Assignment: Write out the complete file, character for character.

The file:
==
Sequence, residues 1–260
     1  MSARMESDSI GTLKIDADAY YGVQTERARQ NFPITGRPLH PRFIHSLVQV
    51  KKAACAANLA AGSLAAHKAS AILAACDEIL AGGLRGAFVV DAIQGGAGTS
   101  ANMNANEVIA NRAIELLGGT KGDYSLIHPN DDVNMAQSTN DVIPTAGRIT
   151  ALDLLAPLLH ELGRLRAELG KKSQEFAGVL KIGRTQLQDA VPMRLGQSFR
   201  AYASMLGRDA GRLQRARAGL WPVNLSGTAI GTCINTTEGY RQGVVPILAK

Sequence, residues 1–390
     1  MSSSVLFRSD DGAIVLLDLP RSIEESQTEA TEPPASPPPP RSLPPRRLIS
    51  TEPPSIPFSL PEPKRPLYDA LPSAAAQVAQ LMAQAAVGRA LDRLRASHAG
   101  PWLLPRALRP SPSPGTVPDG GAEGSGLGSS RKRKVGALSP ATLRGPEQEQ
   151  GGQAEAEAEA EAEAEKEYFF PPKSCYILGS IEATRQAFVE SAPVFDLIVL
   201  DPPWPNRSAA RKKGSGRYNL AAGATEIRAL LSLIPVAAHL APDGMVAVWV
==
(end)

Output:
Sequence, residues 1–260
     1  MSARMESDSI GTLKIDADAY YGVQTERARQ NFPITGRPLH PRFIHSLVQV
    51  KKAACAANLA AGSLAAHKAS AILAACDEIL AGGLRGAFVV DAIQGGAGTS
   101  ANMNANEVIA NRAIELLGGT KGDYSLIHPN DDVNMAQSTN DVIPTAGRIT
   151  ALDLLAPLLH ELGRLRAELG KKSQEFAGVL KIGRTQLQDA VPMRLGQSFR
   201  AYASMLGRDA GRLQRARAGL WPVNLSGTAI GTCINTTEGY RQGVVPILAK

Sequence, residues 1–390
     1  MSSSVLFRSD DGAIVLLDLP RSIEESQTEA TEPPASPPPP RSLPPRRLIS
    51  TEPPSIPFSL PEPKRPLYDA LPSAAAQVAQ LMAQAAVGRA LDRLRASHAG
   101  PWLLPRALRP SPSPGTVPDG GAEGSGLGSS RKRKVGALSP ATLRGPEQEQ
   151  GGQAEAEAEA EAEAEKEYFF PPKSCYILGS IEATRQAFVE SAPVFDLIVL
   201  DPPWPNRSAA RKKGSGRYNL AAGATEIRAL LSLIPVAAHL APDGMVAVWV